The BLPB editors have been nice enough to let me pen a quick post concerning an idea I floated way back in May. In my role as that month’s guest blogger, I offered my thoughts on how rationalizing—that very powerful, and very human, psychological process that allows us to view ourselves positively (say, as an upstanding citizen, family man, etc.), while taking actions inconsistent with that view according to society’s standards (say, by passing a stock tip to a friend, misrepresenting a company’s financials, etc.)—helps explain corporate wrongdoing. I also offered a thesis for how overcriminalization, particularly in the white collar area, might be fostering rationalizations, and thus undermining crime control efforts. In a bit of a cliffhanger (not quite Game of Thrones quality, but a cliffhanger nonetheless), I promised a final post discussing how these ideas impact corporate compliance. Well, almost a year later, I’ve finally finished an article on the topic. Let me know what you think (and also if John Snow is really dead.)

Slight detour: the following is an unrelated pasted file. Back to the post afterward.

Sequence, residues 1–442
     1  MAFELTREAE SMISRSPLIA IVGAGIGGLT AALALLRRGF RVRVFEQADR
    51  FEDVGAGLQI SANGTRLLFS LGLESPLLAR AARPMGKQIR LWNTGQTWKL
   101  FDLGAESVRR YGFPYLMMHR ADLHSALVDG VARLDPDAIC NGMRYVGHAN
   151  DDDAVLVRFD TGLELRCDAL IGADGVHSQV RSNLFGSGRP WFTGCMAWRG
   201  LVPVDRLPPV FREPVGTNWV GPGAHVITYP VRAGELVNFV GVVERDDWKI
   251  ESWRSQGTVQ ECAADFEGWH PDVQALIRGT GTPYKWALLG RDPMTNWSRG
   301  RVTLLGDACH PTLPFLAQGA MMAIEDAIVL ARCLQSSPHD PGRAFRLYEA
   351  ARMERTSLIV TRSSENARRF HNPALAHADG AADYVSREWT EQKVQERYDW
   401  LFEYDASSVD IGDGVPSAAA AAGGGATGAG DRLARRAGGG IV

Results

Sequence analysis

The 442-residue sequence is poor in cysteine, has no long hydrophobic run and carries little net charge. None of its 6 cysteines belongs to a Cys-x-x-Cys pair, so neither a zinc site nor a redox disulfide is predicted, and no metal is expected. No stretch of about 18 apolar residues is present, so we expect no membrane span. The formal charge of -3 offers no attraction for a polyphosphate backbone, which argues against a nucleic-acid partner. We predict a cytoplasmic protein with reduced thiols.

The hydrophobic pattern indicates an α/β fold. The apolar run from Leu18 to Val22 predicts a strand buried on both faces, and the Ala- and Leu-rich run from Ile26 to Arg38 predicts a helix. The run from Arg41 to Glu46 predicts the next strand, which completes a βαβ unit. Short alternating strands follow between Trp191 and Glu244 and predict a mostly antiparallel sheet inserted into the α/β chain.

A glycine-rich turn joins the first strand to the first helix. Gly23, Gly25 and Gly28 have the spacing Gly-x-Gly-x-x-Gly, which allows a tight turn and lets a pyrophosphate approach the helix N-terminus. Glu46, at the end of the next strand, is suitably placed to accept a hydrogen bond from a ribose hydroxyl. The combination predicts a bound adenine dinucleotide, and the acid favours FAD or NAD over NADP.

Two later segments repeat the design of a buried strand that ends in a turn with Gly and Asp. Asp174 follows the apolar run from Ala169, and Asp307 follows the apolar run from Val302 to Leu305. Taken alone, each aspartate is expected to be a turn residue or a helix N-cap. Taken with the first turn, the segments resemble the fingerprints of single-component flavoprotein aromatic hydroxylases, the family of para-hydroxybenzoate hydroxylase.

Corporate compliance is becoming increasingly “criminalized.” What began as a means of industry self-regulation has morphed into a multi-billion dollar effort to avoid government intervention in business, specifically criminal and quasi-criminal investigations and prosecutions. In order to avoid application of the criminal law, companies have adopted compliance programs that are motivated by and mimic that law, using the precepts of criminal legislation, enforcement, and adjudication to advance their compliance goals. This approach to compliance is inherently flawed, however—it can never be fully effective in abating corporate wrongdoing. Explaining why that is forms this Article’s main contribution. Criminalized compliance regimes are inherently ineffective because they impose unintended behavioral consequences on corporate employees. Employees subject to criminalized compliance have greater opportunities to rationalize their future unethical or illegal behavior. Rationalizations are a key component in the psychological process necessary for the commission of corporate crime—they allow offenders to square their self-perception as “good people” with the illegal behavior they are contemplating, thereby allowing the behavior to go forward. Criminalized compliance regimes fuel these rationalizations, and in turn bad corporate conduct. By importing into the corporation many of the criminal law’s delegitimatizing features, criminalized compliance creates space for rationalizations, facilitating the necessary precursors to the commission of white collar and corporate crime. The result is that many compliance programs, by mimicking the criminal law in hopes of reducing employee misconduct, are actually fostering it. This insight, which offers a new way of conceptualizing corporate compliance, explains the ineffectiveness of many compliance programs and also suggests how companies might go about fixing them.